es. Losing one match or one title, yes a possibility, is not likely to change the course of their education or athletic career, whether that loss was to a cisgender or transgender student. Elite athletes WILL get scholarships, with or without a loss. Sports is only a zero sum game if you measure it in terms of Gold Medals. That is not what school sports is about.

When I look at inspirational quotes from top athlet

es, they all follow a similar theme. That sports is about building a better self. It’s more about YOU than your opponent:

  • Arthur Ashe: “You are never really playing an opponent. You are playing yourself, your own highest standards, and when you reach your limits that is real joy.”

  • Evander Holyfield: “It is not the size of a man but the size of his heart that matters.”

  • Bobby Knight: “Your biggest opponent isn’t the other guy. It’s human nature.”

  • Mike Singletary: “Do you know what my favorite part of the game is? The opportunity to play.”

Every kid deserves an opportunity to play. Sports in elementary and middle school doesn't even need to be separated by gender. My 2nd grade soccer team had both boys and girls in the 1980's. Sports in college is already bound by NCAA guidelines, which has regulated fair competition including transgender athletes for over 10 years. And still, there is no epidemic of transgender women dominating NCAA women's sports.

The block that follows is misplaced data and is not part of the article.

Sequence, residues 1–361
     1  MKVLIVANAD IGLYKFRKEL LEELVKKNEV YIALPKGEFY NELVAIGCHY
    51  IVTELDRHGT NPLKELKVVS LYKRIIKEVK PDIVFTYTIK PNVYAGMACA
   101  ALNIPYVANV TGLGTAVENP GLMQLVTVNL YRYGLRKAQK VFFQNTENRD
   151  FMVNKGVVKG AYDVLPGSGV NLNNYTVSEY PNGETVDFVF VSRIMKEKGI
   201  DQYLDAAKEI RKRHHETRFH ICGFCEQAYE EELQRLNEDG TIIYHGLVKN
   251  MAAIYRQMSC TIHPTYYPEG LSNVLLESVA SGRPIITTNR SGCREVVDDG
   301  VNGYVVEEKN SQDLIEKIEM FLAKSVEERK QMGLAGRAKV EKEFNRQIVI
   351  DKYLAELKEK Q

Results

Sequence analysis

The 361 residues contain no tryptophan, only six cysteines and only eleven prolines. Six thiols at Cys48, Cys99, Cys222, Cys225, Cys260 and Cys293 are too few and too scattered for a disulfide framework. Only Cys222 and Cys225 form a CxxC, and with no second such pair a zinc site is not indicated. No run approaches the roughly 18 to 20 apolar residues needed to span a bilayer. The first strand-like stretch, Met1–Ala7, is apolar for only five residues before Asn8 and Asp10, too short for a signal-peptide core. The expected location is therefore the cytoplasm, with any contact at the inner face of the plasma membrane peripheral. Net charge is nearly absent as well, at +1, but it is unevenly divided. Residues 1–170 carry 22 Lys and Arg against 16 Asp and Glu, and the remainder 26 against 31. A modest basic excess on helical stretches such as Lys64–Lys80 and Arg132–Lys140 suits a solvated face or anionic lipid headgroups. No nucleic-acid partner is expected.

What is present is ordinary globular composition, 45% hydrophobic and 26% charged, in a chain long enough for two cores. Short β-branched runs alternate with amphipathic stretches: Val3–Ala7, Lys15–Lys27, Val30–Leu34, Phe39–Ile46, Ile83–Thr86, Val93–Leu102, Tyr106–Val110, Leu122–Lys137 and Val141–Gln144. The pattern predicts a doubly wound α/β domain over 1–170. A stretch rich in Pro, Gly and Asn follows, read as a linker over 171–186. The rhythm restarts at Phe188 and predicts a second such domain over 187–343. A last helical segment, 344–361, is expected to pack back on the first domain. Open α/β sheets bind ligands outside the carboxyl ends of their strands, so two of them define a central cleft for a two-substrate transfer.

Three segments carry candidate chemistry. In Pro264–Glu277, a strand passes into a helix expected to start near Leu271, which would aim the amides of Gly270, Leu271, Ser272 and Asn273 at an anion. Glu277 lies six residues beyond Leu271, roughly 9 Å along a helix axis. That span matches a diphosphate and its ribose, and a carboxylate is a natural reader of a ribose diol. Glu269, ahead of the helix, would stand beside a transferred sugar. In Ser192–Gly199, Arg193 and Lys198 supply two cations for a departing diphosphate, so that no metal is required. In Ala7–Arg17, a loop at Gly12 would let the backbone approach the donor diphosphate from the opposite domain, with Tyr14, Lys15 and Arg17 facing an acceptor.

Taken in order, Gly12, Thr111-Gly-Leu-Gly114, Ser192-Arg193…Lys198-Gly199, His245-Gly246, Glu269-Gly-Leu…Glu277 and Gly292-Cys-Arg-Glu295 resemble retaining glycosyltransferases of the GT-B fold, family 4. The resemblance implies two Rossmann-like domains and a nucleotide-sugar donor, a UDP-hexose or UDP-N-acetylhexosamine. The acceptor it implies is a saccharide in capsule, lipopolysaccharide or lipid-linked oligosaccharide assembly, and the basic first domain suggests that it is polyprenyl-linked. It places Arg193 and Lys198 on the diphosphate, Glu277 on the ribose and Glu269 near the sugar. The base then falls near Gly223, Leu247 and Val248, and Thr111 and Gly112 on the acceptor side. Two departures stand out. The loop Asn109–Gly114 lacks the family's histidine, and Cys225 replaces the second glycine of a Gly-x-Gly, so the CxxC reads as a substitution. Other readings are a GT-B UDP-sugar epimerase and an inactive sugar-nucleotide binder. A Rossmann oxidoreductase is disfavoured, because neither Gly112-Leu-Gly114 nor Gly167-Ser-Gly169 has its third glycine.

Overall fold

And I promise you, every transgender woman competing is trying just as hard to win as their cisgender opponents. And there is no epidemic of transgender students dominating high school sports either. Forcing transgender kids to compete on the wrong team is not the same as giving them a *real* opportunity to play. Instead it creates a situation that will force many of them to opt out - a quiet discrimination that doesn't *need* to exist. There is no problem to solve here; only one to create if states move forward with banning transgender children from school athletics.

I'll leave you with a final quote, this one from Nelson Mandela, and I'll ask you to think about the good you can do by letting transgender students compete fairly:

"Sport has the power to change the world. It has the power to inspire, it has the power to unite people in a way that little else does. It speaks to youth in a language they understand. Sport can create hope, where once there was only despair. It is more powerful than governments in breaking down racial barriers. It laughs in the face of all types of discrimination."

Please don't *create* new discrimination in sports. Governments should be breaking down discriminatory barriers, not creating them. All students deserve the opportunity to play fairly, including transgender students.

### Edit 3/25/2021 ###

This post seems to have really resonated with a lot of people. Thank you for sharing. Be kind to others and if you need a little chill in your life, please follow my music page while you're here: